Heart Rate and Heart Rate Variability in Healthy Preterm-Born Young Adults and Association with Vitamin D: A Wearable Device Assessment

J Clin Med. 2023 Dec 5;12(24):7504. doi: 10.3390/jcm12247504.


Prematurity has been associated with impaired parasympathetic cardiac regulation later in life. Changes in heart rate (HR) and heart rate variability (HRV) may indicate a risk for future cardiac dysfunction. The putative role of Vitamin D on cardiac autonomic function in individuals born preterm (PT) remains unknown. This study involves monitoring autonomic cardiac regulation and Vitamin D concentrations in 30 PT and 16 full-term (FT) young adults in a free-living context. The PT subjects were born between 1994 and 1997 at Oulu University Hospital. The inclusion criteria were (1) being born ≤ 32 gestation weeks or (2) being born < 34 gestation weeks with a birth weight under 1500 g. Participants wore an Oura ring sleep tracer, a smart ring device, for 2 weeks to monitor cardiac autonomic function. Parameters related to autonomic cardiac regulation, lowest nighttime resting HR, and the root mean square of successive differences (RMSSD) to describe HRV were collected. PT males exhibited a tendency toward lower RMSSD (71.8 ± 22.6) compared to FT males (95.63 ± 29.0; p = 0.10). Female participants had a similar mean RMSSD in the FT and PT groups at 72.04 ± 33.2 and 74.0 ± 35.0, respectively. Serum 25-hydroxyvitamin D concentration did not correlate with cardiac autonomic function parameters. When assessing the lowest resting nighttime HRs and HRVs in a long-term, real-world context, healthy female PT young adults performed similarly to their FT peers. In contrast, the present study's results suggest that male PT young adults exhibit impaired autonomic cardiac function, potentially putting them at risk for cardiovascular disease later in adulthood.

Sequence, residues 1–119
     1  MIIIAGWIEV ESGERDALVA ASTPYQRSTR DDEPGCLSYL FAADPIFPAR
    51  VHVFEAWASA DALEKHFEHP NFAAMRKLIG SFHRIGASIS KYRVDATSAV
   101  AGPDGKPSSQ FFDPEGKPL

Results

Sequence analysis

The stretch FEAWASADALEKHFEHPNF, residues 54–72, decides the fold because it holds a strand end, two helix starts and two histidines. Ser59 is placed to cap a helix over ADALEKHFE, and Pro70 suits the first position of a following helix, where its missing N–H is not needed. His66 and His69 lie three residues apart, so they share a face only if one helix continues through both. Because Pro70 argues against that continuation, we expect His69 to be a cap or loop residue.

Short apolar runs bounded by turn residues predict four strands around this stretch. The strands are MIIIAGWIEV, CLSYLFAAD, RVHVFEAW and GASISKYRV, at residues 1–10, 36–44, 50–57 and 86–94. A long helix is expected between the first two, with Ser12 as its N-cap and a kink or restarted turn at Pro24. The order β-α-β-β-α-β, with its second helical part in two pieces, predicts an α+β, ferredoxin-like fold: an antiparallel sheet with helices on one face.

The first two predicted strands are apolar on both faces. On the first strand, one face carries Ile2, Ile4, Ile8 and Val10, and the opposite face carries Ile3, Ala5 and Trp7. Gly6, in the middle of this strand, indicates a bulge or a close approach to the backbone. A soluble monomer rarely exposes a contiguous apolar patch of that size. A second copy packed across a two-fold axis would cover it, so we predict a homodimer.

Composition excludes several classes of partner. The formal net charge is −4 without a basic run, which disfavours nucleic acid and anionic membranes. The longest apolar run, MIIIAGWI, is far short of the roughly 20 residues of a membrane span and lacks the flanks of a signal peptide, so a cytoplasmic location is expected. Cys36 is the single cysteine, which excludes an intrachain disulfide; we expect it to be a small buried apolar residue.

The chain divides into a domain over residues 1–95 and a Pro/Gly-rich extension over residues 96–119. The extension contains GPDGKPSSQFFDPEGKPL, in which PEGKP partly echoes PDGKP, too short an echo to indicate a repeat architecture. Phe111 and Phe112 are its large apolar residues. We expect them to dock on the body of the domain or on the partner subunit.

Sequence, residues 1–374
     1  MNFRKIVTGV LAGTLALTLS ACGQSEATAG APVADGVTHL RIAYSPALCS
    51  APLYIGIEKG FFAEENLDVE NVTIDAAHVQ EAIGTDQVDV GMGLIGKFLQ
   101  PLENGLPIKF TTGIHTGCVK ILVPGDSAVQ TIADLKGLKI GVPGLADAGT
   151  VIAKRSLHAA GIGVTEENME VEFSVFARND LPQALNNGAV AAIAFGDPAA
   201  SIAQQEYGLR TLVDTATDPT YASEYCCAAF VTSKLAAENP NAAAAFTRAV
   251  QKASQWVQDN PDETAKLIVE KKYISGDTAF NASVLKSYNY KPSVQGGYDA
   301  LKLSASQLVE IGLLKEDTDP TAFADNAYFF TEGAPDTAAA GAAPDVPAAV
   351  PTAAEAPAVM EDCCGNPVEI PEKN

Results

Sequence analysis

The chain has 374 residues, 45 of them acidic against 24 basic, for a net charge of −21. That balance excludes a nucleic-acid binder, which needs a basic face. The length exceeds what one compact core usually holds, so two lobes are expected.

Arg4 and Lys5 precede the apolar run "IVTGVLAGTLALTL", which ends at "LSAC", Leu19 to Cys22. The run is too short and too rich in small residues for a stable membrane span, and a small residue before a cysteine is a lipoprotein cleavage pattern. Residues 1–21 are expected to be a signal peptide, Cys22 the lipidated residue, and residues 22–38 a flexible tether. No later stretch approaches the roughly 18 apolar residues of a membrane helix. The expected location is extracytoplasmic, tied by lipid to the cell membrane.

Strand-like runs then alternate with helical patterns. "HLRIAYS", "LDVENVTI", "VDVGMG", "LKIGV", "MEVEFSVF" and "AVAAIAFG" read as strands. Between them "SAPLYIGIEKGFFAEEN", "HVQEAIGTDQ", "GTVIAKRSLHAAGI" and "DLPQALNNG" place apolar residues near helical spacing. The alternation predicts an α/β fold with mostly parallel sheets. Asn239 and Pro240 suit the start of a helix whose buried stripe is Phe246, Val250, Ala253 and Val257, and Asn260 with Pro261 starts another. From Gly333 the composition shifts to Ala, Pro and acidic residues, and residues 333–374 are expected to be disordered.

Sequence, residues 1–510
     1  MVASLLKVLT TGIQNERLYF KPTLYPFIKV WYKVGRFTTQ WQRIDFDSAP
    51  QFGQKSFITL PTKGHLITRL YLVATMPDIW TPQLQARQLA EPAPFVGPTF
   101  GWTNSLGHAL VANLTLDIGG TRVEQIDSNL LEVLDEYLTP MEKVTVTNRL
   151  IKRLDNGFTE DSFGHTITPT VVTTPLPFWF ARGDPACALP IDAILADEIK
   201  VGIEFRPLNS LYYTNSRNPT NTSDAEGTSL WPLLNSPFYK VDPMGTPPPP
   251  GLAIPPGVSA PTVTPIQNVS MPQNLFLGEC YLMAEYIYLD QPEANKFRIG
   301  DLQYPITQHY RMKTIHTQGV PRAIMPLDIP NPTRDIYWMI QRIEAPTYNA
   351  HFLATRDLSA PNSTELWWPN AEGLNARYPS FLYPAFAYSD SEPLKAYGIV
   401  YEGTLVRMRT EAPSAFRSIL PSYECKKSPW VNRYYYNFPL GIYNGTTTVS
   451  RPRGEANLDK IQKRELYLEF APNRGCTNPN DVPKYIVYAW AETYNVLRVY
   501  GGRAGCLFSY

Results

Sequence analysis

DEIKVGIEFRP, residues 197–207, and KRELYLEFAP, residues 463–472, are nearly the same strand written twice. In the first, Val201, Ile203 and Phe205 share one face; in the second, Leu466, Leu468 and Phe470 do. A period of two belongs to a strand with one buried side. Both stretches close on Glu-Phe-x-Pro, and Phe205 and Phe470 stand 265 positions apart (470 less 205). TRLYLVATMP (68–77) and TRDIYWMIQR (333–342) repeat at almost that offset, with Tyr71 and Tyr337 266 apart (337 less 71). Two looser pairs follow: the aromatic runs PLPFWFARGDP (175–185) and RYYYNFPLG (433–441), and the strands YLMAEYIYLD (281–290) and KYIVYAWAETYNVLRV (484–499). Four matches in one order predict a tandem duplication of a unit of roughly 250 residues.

Keywords: HRV; RMSSD; Vitamin D status; cardiac autonomic function; preterm birth; wearable device.